Anellotubulates, “ring-tubers,” are tubular structures of microscopic size, creamy white to brownish in color, and composed of a phosphatic material. Their outline may be trumpet shaped to bell shaped, vermiform, or in the form of a parallel-sided or irregularly swollen tube. The outer walls may be roughened or may show annular lines; the inner wall is typically smooth. The size of these structures is in the range of 200–1000 μm (Fig. 1).
- McLachlan, I. R., 1973. Problematic microfossils from the Lower Karroo Beds in South Africa, Palaeontol. Africana, 15, 1–21.Google Scholar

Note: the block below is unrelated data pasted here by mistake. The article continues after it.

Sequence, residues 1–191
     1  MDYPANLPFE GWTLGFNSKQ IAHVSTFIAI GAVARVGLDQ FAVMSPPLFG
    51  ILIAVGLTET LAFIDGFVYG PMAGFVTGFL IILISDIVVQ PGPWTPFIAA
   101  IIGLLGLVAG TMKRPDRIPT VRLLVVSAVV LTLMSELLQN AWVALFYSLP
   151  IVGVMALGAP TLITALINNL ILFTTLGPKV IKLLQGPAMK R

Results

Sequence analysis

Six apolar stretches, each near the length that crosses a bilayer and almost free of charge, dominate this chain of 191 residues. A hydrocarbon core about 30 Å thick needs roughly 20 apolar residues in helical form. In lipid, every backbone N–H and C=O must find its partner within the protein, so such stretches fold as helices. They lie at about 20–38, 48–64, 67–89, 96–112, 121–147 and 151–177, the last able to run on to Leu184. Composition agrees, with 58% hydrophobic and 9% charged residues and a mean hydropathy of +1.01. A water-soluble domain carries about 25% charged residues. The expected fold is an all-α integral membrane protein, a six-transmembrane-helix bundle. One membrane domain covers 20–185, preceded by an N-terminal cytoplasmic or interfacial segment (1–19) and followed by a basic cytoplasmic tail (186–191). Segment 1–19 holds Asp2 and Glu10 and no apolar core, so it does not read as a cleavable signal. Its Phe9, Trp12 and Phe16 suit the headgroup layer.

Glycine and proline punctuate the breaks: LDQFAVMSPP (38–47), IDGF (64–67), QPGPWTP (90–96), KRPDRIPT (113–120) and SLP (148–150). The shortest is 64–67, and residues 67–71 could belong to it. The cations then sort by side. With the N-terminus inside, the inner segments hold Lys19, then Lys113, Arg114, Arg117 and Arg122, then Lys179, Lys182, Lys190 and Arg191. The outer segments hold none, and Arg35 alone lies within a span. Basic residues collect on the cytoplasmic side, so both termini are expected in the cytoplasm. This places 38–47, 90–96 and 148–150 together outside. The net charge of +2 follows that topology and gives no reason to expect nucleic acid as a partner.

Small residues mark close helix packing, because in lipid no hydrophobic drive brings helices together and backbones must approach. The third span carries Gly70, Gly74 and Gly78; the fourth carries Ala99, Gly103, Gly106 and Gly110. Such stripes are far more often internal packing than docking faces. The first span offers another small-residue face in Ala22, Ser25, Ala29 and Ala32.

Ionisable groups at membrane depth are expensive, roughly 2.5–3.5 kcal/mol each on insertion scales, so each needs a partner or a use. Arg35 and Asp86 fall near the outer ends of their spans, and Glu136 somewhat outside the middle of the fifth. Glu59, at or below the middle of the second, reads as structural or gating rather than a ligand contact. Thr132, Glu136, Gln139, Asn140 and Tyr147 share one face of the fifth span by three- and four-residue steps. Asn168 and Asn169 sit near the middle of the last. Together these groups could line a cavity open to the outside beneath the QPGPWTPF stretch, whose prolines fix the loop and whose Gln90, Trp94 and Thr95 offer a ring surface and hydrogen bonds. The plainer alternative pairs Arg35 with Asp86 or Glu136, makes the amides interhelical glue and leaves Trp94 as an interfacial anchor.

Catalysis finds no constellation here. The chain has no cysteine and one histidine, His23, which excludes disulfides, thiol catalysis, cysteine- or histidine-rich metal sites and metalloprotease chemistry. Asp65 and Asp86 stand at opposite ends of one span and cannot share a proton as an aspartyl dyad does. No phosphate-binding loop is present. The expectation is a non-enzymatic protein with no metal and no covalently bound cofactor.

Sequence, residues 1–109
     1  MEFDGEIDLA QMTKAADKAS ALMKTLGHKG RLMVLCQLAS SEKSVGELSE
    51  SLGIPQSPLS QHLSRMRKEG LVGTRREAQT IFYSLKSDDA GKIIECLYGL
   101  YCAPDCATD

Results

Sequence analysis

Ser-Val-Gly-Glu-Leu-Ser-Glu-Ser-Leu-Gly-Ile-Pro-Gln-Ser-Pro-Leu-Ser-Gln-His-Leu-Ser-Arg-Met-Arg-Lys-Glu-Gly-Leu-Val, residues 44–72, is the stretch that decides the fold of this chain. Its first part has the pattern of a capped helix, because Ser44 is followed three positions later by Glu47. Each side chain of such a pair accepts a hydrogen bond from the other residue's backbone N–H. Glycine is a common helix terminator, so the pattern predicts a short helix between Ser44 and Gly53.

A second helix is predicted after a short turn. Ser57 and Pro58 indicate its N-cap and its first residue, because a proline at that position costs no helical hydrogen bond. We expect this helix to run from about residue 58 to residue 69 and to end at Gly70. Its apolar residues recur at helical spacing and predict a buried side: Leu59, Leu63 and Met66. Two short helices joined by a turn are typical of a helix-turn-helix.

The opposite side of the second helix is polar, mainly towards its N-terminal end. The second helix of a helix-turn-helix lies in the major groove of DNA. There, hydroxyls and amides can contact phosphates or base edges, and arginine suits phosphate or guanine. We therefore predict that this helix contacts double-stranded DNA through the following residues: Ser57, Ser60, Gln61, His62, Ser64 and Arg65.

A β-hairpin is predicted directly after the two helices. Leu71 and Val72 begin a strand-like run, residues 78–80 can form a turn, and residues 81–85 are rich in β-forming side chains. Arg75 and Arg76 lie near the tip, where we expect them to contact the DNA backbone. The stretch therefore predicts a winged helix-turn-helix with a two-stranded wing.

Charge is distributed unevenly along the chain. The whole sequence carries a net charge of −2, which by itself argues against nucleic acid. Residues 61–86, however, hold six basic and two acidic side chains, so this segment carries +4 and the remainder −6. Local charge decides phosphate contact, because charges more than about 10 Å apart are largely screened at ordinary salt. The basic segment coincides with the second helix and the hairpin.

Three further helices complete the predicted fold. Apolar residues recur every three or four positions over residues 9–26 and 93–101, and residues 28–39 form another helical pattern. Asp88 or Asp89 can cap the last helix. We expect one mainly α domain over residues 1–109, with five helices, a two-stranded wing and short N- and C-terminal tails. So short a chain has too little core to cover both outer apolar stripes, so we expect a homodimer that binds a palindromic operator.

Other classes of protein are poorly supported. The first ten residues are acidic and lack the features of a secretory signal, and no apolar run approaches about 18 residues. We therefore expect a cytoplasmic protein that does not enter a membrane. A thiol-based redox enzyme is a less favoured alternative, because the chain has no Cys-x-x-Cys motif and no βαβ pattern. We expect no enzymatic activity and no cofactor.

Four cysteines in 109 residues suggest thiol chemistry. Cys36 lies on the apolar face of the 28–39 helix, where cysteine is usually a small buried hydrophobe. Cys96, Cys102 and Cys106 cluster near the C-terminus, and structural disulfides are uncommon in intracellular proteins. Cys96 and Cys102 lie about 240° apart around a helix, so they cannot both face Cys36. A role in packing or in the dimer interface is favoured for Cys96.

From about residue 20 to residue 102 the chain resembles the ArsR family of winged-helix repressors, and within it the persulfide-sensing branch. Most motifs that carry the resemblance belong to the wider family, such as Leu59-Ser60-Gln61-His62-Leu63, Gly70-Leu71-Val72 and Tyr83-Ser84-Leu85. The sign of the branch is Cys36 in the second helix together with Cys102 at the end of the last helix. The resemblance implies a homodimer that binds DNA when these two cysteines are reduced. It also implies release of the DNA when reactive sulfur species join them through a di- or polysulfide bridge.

- Picket, J., and Scheibnerova, V., 1974. The inorganic origin of “anellotubulates,” Micropaleontology, 20, 97–102.Google Scholar
- Richardson, G., Gregory, D., and Pollard, J., 1973. Anellotubulates are manufactured “microfossils,” Nature, 246, 347–348.Google Scholar
- Wetzel, O., 1967. Rätselhafte Mikrofossilien des Oberlias (ε); Neue Fünde von “Anellotubulaten” O. We. 1957, Neues Jahrb. Geol. Paläontol., Abh., 128, 341–352.Google Scholar